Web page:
Illustration by Adelaide Tyrol
Unlike the Ents in Tolkien’s Lord of the Rings, real trees can’t walk away from danger or fight their own battles. When climate becomes inhospitable, forests can only shift ranges over long periods of time. This isn’t a problem when natural climate change occurs slowly. At the end of the recent post-glacial period, it took 4,300 years for the ice sheet to melt back from Middletown, Connecticut, to St. Johnsbury, Vermont — averaging 245 feet a year. Forest communities in front of the glacier gradually migrated northward in its wake.
Starting about 9,000 years ago and stretching for the next 4,000 to 5,000 years, the average temperature in the New England area became nearly 4°F warmer than it is today, and the climate was similar to modern-day Virginia. Hemlock and white pine grew 1,300 feet higher up the mountain slopes. Evidence now shows that the engines of the industrial age are taking today’s climate forward, into the past. U.S. Climatological Network Data reveals that the mean annual temperature has increased by 3.8°F since 1835, but 70% of this rise in temperature has occurred since 1970.
Barry Rock, Professor of Natural Resources at the University of New Hampshire in Durham predicts that, based on two climate models in a New England regional climate assessment study, “Within the next 100 years, Boston could have a climate similar to either Richmond, Virginia, or Atlanta, Georgia.” These computer models project that the average regional temperature will rise from between 6°F and 10°F over the next century.
If the models prove accurate, Rock says that, “In 100 years, New England’s cooler regions will no longer promote the growth of sugar maples, which are well adapted to the region’s current climate. This climate will support species that now grow to the south and in lower elevations, especially oaks and southern pines. On average, trees can only move their range from 10 to 25 kilometers over a 100-year period, and the current rate of climate change will not allow enough time for trees to ‘migrate’ northward in a smooth transition.”
Ultimately, under this scenario, the optimal range for sugar maples in New England could retreat up the high mountain slopes and to northern Maine. (Sugar maple’s current range extends as far south as Virginia and Tennessee, though only in the higher mountains.) Of the five computer models created by the U.S. Forest Service to predict the geographic shift in the ranges of forest species, only one foretells that global warming will cause sugar maples to disappear completely from parts of New England. Even if the climate warms considerably, our forests will still support the growth of some sugar maples, especially in higher terrains.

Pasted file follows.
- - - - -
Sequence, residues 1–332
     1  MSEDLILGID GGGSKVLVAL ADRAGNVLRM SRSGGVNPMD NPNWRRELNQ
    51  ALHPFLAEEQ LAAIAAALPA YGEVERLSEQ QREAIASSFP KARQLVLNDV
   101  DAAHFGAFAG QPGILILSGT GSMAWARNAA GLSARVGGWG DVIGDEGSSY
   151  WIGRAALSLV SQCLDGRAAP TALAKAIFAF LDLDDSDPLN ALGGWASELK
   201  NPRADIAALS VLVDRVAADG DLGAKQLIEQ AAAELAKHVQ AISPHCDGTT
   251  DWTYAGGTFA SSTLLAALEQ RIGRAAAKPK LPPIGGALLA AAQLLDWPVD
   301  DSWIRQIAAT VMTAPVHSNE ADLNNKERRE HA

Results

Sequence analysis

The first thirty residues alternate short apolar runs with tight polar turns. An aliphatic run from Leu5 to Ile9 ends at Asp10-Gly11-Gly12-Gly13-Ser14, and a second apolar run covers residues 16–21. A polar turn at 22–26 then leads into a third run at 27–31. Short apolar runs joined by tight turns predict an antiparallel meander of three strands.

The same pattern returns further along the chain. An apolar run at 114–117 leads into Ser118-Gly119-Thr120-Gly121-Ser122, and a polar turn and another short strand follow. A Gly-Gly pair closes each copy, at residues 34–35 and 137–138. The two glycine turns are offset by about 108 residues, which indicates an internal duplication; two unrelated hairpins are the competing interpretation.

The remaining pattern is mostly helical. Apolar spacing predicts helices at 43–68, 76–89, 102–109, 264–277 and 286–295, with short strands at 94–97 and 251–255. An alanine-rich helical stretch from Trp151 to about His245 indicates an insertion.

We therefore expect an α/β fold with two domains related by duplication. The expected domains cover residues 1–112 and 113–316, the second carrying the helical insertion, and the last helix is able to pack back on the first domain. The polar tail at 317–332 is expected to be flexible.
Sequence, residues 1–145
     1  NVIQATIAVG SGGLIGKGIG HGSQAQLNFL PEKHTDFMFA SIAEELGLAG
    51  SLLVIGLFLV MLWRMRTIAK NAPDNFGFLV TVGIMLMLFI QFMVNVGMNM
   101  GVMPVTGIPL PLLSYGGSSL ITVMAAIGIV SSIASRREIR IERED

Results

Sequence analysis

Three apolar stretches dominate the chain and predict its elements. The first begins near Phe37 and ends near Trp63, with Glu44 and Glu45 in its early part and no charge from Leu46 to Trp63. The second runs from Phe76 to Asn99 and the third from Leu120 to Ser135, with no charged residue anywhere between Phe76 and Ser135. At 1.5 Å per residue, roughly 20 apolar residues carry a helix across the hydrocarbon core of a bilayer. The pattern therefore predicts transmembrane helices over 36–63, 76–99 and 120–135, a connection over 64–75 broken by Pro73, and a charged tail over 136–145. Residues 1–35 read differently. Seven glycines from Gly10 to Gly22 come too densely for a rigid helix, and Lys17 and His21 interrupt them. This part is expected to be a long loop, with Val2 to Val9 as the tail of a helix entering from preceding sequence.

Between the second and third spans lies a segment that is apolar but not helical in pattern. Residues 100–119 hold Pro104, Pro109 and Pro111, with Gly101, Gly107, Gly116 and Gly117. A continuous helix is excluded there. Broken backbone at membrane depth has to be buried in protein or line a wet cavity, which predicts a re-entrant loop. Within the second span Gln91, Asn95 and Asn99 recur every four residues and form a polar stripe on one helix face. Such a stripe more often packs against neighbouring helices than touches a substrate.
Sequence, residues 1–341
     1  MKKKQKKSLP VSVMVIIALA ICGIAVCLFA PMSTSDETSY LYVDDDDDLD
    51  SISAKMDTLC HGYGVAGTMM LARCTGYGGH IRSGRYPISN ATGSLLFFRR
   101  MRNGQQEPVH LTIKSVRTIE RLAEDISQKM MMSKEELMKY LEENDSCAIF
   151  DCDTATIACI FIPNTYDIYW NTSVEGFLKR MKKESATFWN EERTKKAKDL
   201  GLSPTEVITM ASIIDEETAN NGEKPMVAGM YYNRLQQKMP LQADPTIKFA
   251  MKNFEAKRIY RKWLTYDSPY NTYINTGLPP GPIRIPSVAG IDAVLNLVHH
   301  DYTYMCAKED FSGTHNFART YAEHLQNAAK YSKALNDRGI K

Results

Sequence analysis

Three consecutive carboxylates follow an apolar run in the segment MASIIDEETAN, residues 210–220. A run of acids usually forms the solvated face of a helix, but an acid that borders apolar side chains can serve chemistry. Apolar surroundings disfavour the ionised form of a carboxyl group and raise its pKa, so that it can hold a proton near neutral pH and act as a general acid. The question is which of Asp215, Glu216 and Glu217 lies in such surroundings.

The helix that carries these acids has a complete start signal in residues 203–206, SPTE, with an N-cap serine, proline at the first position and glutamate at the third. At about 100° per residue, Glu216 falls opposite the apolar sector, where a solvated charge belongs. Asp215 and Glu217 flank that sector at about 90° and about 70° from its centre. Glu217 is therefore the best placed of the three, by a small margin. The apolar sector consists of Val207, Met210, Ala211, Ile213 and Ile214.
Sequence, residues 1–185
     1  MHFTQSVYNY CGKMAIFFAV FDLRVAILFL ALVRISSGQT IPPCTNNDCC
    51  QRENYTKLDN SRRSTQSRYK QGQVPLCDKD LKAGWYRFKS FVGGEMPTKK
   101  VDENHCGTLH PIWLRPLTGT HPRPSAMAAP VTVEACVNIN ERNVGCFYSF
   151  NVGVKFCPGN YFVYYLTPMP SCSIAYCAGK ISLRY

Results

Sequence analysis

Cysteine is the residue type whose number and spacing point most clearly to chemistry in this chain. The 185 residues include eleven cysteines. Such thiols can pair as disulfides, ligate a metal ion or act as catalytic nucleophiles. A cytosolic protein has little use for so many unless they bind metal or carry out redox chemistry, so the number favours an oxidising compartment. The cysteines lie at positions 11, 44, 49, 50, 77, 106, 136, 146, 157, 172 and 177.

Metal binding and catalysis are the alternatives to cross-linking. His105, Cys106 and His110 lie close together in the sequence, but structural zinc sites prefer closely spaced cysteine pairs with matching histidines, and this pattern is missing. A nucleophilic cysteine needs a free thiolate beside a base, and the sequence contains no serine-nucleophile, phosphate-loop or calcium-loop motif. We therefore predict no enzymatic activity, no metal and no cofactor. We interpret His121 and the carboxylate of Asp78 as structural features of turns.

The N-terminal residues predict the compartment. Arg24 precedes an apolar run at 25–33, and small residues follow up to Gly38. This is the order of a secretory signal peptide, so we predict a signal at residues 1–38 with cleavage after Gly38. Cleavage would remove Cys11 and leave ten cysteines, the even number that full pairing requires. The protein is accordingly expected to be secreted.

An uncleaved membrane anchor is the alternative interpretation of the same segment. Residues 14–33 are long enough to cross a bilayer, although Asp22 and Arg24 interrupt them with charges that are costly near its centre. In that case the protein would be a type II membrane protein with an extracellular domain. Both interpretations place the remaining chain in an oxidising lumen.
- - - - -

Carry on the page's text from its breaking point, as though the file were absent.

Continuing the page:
Although the range of sugar maples changes slowly, the flow of sap in a sugarbush is dynamic and depends on fine temperature variations that occur daily throughout late winter and early spring. Sap flows best when nighttime temperatures drop into the mid-20’s and when daytime highs reach around 38-40°F.
From here the effects of climate change are harder to predict. If the daily cycling between freeze and thaw occurs less frequently, sugaring will suffer, as it will if the season is shortened by several weeks. But if sugaring as we now know it is simply shifted earlier into the year, the effect could be less pronounced. Making predictions about sugaring season has always been an uncertain but popular pastime, even before the dawn of climate change.
The maple sugar industry can compensate somewhat for the uncertainties of the shifting climate. According to Dr. Timothy Perkins, Director of the University of Vermont’s Proctor Maple Research Center, “The best equipment in the sugar house isn’t going to make you any more money. It’s how you manage the sugarbush that counts.” Producers need to tap their trees earlier, before the sap starts to flow, so they can gather the best quality sap of the season. Old tubing must be replaced with new, which is made of superior material and is more efficient. Getting rid of leaks in the system will help, as well as using a vacuum system for collecting sap. Collectively, these steps can help mitigate the problem.
No matter what steps are taken, the wheels have been set in motion. The question is: How far down the road will sugar maples have to travel before we put the brakes on climate change?
Michael J. Caduto is an author, ecologist, and storyteller who lives in Reading, Vermont.